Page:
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Seeking to make a netctl profile for a tap device. Here is the info I was given about the connection.

GATEWAY=192.168.117.1  
DNS=192.168.117.1  
BROADCAST=255.255.255.255 **or** 192.168.117.255 (*I was given both of these different values*)  
PREFIX=31  
STATIC IP ADDRESS=192.168.117.2/24  
TYPE=TAP  

Netctl includes some examples. I used the one I found in examples/tuntap:

Description='Example tuntap connection'
Interface=tun0
Connection=tuntap
Mode='tun'
User='nobody'
Group='nobody'

## Example IP configuration
#IP=static
#Address='10.10.1.2/16'

Here is the profile I came up with:

Description='My tap connection'
Interface=tap0
Connection=tuntap
Mode='tap'
User='nobody'
Group='nobody'
IP=static
Address='192.168.117.2/24'
UsePeerDNS=true
DefaultRoute=true
SkipDAD=yes
DHCPReleaseOnStop=yes

Questions

  • Do I need to specify the broadcast address or gateway?
  • Is a prefix needed (and what is prefix 31)?
  • Is there anything else I have overlooked?
  • Note that tap is a level 2 device, so you typically put them inside a bridge (which can also be configured in netctl). If you don't use a bridge, there's really to reason to use a tap device instead of a tun device (tap will incur additional overhead). Most applications (you didn't say which application creates your) can be configured to provide both tun or tap interfaces. – dirkt Jul 22 '18 at 7:09
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  1. Do I need to specify the broadcast address or gateway?

From the looks of this article/thread titled: [SOLVED] Static IP wired connection doesn't work with netctl the broadcast address can be incorporated into the static IP's definition.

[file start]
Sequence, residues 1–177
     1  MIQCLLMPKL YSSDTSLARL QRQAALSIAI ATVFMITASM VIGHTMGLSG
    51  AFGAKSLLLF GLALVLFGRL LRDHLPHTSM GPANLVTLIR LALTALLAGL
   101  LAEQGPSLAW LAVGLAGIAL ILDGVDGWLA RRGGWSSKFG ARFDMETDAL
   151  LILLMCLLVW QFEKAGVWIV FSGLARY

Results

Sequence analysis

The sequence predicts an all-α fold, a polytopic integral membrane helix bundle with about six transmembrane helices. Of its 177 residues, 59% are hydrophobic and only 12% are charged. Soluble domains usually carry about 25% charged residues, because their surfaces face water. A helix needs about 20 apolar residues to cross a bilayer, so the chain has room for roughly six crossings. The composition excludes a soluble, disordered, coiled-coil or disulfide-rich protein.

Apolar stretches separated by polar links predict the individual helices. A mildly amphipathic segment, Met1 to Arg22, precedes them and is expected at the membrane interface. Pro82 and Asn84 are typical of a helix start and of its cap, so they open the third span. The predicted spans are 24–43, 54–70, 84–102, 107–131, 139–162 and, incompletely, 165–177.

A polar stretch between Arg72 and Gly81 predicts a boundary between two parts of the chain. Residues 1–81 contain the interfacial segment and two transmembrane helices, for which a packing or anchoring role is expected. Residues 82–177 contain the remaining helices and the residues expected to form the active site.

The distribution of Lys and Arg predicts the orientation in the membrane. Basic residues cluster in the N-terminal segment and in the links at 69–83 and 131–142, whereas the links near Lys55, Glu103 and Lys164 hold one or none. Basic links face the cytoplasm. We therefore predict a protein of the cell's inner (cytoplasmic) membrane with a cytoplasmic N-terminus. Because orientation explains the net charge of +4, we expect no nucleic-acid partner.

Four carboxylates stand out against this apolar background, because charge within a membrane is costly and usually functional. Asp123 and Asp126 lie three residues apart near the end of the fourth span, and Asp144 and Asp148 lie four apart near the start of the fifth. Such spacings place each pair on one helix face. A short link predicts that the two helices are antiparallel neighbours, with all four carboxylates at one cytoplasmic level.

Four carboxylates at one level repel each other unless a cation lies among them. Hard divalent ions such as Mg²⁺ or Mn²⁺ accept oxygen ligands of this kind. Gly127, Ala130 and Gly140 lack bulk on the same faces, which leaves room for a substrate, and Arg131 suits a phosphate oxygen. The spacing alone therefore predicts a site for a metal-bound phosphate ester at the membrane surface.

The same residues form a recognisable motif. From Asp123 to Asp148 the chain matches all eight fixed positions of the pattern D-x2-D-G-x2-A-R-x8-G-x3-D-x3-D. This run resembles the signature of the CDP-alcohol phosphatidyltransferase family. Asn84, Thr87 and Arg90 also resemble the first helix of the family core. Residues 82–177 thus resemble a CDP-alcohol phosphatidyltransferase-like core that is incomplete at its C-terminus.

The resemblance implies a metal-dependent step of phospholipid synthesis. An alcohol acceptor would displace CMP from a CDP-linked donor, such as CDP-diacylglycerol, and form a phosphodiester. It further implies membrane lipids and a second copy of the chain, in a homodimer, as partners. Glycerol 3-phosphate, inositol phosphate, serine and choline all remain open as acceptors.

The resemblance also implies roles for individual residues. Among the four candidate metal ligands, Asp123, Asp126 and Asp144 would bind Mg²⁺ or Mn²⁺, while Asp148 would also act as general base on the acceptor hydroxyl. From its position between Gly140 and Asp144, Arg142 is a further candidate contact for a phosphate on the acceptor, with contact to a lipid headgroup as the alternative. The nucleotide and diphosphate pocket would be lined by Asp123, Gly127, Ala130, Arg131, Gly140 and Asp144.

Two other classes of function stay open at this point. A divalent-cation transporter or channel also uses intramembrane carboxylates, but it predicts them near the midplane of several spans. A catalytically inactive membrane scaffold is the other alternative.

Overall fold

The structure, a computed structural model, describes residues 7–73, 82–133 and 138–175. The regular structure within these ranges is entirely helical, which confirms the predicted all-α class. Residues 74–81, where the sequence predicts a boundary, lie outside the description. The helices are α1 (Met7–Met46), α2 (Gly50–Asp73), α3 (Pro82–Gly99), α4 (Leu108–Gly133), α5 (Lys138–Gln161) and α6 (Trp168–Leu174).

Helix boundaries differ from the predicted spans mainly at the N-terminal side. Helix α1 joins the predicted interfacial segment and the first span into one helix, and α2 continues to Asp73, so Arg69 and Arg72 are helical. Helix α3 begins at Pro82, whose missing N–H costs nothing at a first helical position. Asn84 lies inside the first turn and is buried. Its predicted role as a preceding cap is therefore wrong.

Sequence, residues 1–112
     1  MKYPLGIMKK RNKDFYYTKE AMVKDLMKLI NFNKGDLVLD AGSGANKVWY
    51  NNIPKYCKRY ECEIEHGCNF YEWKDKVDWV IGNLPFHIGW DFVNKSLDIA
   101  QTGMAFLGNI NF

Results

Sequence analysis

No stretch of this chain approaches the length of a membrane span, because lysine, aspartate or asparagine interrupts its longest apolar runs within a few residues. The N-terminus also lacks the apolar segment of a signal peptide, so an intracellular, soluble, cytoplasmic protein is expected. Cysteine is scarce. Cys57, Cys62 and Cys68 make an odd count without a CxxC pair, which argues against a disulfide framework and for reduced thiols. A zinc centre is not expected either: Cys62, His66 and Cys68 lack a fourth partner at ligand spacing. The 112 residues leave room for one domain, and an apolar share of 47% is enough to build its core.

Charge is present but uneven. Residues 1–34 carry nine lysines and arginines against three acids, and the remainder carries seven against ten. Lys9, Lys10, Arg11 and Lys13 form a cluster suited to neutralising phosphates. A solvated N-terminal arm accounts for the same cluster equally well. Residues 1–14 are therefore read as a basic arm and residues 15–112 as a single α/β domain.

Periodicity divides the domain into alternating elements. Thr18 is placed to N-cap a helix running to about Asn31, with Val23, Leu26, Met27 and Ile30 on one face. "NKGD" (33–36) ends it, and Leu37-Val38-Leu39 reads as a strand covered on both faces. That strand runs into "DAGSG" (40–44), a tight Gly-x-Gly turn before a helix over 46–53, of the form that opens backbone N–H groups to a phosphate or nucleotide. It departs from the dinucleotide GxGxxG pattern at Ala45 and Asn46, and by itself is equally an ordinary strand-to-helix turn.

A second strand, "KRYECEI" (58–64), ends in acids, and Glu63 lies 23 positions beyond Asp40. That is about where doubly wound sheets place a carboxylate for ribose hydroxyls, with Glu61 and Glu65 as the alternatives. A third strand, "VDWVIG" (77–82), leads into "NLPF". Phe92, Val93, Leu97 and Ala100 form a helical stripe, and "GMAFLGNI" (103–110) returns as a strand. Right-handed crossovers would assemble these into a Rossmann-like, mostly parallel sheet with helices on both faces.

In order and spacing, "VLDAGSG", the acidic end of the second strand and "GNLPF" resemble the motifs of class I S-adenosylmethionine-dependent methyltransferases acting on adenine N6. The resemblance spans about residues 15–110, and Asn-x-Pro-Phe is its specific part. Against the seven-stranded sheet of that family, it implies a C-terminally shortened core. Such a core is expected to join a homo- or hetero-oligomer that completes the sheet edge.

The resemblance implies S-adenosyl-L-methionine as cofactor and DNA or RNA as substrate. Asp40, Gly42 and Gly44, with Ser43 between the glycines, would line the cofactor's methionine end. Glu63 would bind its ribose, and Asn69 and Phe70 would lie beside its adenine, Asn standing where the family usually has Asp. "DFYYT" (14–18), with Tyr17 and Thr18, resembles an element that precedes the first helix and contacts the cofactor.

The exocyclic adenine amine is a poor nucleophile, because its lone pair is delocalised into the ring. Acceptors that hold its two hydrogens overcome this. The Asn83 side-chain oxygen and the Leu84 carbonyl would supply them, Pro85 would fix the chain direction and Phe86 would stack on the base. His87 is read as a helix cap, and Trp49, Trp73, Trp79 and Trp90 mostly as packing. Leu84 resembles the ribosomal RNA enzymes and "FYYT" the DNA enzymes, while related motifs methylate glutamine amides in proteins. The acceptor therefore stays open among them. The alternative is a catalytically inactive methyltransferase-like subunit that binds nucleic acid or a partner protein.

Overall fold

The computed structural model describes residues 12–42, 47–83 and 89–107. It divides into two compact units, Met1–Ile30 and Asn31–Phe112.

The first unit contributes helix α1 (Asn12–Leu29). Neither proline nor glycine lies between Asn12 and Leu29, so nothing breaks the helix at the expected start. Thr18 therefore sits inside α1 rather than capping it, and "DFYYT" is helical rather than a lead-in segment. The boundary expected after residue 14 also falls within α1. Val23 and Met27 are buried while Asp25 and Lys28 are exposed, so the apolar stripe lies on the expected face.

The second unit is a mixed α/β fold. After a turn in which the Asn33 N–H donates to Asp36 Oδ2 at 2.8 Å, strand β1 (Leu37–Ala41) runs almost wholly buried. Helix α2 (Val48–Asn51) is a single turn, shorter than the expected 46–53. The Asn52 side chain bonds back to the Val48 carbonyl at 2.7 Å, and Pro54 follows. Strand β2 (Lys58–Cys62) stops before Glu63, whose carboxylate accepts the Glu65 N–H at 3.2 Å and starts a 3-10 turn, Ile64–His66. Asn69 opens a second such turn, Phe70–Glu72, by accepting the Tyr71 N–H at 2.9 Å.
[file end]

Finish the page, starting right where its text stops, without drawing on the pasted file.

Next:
For example, they provided you with this:

BROADCAST=255.255.255.255 or 192.168.117.255 (I was given both of these different values)

I'd assume that the 2nd one, 192.168.117.255, is in fact correct, which would be a /24 mask, hence your Address= already has it:

Address='192.168.117.2/24'
  1. Is a prefix needed (and what is prefix 31)?

Prefixes or, prefix lengths, are described here in these two articles titled:

excerpt

The prefix length is just a shorthand way of expressing the subnet mask. The prefix length is the number of bits set in the subnet mask; for instance, if the subnet mask is 255.255.255.0, there are 24

This table shows how they're calculated:

                                 ss1

So in your case, this information is a bit confusing. Your network address appears to be /24, but your prefix length is 31 bits. In either case, I'd ignore the 31 for the time being, and go with the /24.

  1. Is there anything else I have overlooked?

Everything else in your example profile appears to check out. You should be good to go.

References

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